Op-Ed: Small businesses need solutions from Sacramento

Date: October 03, 2016

Related Content: News State California Economy

Small businesses need solutions from Sacramento
by NFIB/CA State Executive Director Tom Scott
and candidate for the 34th Assembly District Vince Fong
As published in the Bakersfield Californian Monday, October 3, 2016.
For small business owners, whether in the heart of the Central Valley, or nearly anywhere else across the State of California, each year seems to invite new and increasingly complex challenges from both natural and unnatural sources.
While our legislators may not be able to open the skies and make it rain, they certainly can compound the devastating impacts of the drought by passing legislation that makes California even more hostile to small, independent business owners.
We know that our hometown small business owners are the first to arrive at work, the last to leave, and the last to get paid. Our small businesses assume all of the risk and struggle every day to open their doors and help provide livelihoods to their hardworking employees.
Yet Sacramento politicians appear to be completely tone deaf to the needs and challenges these small business owners face in owning, operating and expanding their business. Sacramento needs to adopt a pro-small business policy agenda to help our local mom and pop businesses, and stop passing crippling mandates and regulations that stifle our economy.
One doesn’t need to look far for a list of examples of where we could start to improve California’s business climate. Since Proposition 30, California now has the highest income tax in the United States — and now Sacramento seeks to extend this “temporary” tax hike with Prop. 55 this November.
We also now have the highest state sales tax in the nation and the highest corporate tax west of the Mississippi. And at $800 per year, California has, by far, the highest minimum franchise tax, which is the annual fee paid to the state for starting a small business.
Beyond direct taxes and fees paid by small business owners in this state, there is a long list of indirect costs they also must bear as a result of governmental mandates. Just this year, our strict environmental laws were extended and expanded with Senate Bill 32 (authored by state Sen. Fran Pavley, D-Ventura), which imposes new burdens with little oversight.
By the year 2020, it is estimated that Cap-and-Trade will cost the average household nearly $4,000 per year due to increased energy costs which affect small businesses and the entire supply chain. Costly diesel regulations further exacerbate these challenges since anything you eat, wear, or use at one point must be transported on a truck.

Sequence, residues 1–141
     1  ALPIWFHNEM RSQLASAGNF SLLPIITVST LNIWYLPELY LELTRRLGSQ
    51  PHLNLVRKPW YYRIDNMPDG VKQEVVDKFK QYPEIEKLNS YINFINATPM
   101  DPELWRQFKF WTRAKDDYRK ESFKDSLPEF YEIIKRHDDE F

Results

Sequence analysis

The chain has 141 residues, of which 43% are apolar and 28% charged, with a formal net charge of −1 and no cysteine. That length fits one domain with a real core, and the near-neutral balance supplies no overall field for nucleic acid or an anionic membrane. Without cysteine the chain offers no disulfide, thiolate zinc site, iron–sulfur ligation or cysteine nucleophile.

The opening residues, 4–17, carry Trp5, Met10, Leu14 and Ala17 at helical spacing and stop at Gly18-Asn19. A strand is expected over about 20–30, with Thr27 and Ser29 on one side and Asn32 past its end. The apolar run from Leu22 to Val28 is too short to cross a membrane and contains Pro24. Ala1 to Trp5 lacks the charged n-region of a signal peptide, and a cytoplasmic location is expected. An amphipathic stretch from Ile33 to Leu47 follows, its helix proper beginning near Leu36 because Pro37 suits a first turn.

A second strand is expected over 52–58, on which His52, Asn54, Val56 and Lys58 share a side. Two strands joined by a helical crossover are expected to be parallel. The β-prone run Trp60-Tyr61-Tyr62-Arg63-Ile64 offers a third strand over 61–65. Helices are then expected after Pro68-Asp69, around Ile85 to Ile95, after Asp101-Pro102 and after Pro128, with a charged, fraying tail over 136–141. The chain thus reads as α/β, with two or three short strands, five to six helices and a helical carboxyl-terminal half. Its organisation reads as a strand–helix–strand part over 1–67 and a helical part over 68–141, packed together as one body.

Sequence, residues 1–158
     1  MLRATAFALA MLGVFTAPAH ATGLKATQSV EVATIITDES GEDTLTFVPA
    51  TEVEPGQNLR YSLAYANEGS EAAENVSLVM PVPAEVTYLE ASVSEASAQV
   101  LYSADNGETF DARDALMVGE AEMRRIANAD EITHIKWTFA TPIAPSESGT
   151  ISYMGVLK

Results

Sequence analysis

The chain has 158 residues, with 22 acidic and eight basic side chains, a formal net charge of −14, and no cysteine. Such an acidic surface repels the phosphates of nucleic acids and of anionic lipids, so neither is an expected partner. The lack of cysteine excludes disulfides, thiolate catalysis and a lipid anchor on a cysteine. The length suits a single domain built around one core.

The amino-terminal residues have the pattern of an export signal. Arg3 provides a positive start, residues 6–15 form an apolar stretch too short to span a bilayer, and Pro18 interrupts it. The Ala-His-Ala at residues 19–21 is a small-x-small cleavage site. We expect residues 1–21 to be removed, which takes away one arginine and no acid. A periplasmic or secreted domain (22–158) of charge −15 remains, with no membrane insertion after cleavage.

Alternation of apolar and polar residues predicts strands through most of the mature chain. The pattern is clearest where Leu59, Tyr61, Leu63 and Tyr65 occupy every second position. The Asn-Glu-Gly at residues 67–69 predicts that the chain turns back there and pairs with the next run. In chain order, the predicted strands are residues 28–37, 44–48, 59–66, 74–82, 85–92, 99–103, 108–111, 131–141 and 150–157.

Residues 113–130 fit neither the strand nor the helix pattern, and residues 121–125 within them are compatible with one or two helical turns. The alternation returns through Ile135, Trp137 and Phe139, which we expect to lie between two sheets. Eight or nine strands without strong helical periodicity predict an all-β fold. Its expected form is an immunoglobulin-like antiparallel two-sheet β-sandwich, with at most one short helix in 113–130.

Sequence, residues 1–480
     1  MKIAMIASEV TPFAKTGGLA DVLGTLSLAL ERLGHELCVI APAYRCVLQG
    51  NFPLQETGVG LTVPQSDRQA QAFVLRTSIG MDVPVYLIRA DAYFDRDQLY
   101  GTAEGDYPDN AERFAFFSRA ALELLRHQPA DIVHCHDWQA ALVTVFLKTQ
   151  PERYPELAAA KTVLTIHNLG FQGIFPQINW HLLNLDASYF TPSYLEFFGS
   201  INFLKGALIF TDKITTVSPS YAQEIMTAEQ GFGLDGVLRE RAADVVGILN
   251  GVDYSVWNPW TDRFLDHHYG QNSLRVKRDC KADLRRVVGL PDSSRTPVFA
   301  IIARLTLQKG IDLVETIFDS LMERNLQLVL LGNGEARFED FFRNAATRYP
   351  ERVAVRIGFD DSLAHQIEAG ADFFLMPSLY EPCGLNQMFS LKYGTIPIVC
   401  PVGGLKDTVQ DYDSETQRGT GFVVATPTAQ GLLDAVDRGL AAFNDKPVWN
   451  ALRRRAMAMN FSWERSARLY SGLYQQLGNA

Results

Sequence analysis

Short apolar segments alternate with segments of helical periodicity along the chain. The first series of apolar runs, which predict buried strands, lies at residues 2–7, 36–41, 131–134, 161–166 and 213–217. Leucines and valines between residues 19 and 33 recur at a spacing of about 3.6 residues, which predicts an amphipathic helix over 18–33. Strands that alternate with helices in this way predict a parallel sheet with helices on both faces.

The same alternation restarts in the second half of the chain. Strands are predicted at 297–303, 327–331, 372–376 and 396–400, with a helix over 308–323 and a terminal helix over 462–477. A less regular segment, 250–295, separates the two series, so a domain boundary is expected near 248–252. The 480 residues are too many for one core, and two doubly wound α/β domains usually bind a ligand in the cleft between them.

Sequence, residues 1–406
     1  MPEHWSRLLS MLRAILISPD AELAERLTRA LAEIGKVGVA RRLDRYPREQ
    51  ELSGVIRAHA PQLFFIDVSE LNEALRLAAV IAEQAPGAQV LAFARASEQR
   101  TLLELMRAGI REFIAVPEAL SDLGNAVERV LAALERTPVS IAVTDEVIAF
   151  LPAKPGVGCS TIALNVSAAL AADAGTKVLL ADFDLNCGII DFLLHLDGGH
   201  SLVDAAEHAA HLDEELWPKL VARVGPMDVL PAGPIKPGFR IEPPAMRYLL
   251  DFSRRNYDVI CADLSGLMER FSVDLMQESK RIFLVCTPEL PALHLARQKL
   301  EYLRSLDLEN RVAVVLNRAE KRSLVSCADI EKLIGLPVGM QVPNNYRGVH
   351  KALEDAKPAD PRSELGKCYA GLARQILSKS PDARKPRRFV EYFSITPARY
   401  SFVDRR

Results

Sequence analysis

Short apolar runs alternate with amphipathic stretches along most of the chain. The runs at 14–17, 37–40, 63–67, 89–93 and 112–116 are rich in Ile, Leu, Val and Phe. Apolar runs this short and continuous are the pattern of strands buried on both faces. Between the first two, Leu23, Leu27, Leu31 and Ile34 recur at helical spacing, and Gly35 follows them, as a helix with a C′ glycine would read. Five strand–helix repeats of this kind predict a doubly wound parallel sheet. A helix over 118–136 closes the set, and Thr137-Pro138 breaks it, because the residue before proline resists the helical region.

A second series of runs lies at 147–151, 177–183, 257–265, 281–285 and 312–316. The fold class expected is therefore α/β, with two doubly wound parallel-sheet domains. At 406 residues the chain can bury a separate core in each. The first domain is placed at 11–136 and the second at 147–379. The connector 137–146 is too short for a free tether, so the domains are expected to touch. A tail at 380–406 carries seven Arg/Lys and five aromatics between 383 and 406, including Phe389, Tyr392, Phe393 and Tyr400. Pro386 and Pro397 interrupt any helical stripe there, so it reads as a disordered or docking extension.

California also leads the nation in hostile legal climate, which particularly hurts small businesses that do not have vast resources to fully understand and comply with complex federal and state accessibility regulations. There’s a reason California has been ranked the No. 1 “Judicial Hell hole” for several years in a row by the American Tort Reform Association, and that California is home to more than 40 percent of all ADA lawsuits in the nation.
In addition, just look at the latest onslaught of lawsuits being filed under the Private Attorneys General Act that has led to millions of dollars in settlements for missing periods and commas. The result is businesses closing their doors and employees losing benefits.
Although the California Legislature recently adjourned and the majority party celebrated a victory lap for sending a long list of “progressive proposals” to Gov. Jerry Brown, small business owners had very little to celebrate. This year we saw California’s already aggressive agricultural overtime laws vastly expanded by Assembly Bill 1066, which will hurt farmworkers by reducing their hours and ultimately raise food costs for all Californians. And of course there’s no way small businesses can ignore our state minimum wage of $15 per hour, which will have devastating ramifications.
A wide range of public policy issues will negatively impact small businesses owners — and it is critical to view them collectively and not just one issue individually. Our small businesses are being crushed by this piling on effect of additional laws and mandates from Sacramento and our unelected state agencies.
It is time for our legislature to stop viewing small business as a punching bag.
Vince Fong is running for the 34th Assembly District seat. Tom Scott is the National Federation of Independent Business’ state executive director.

Related Content: News | State | California | Economy

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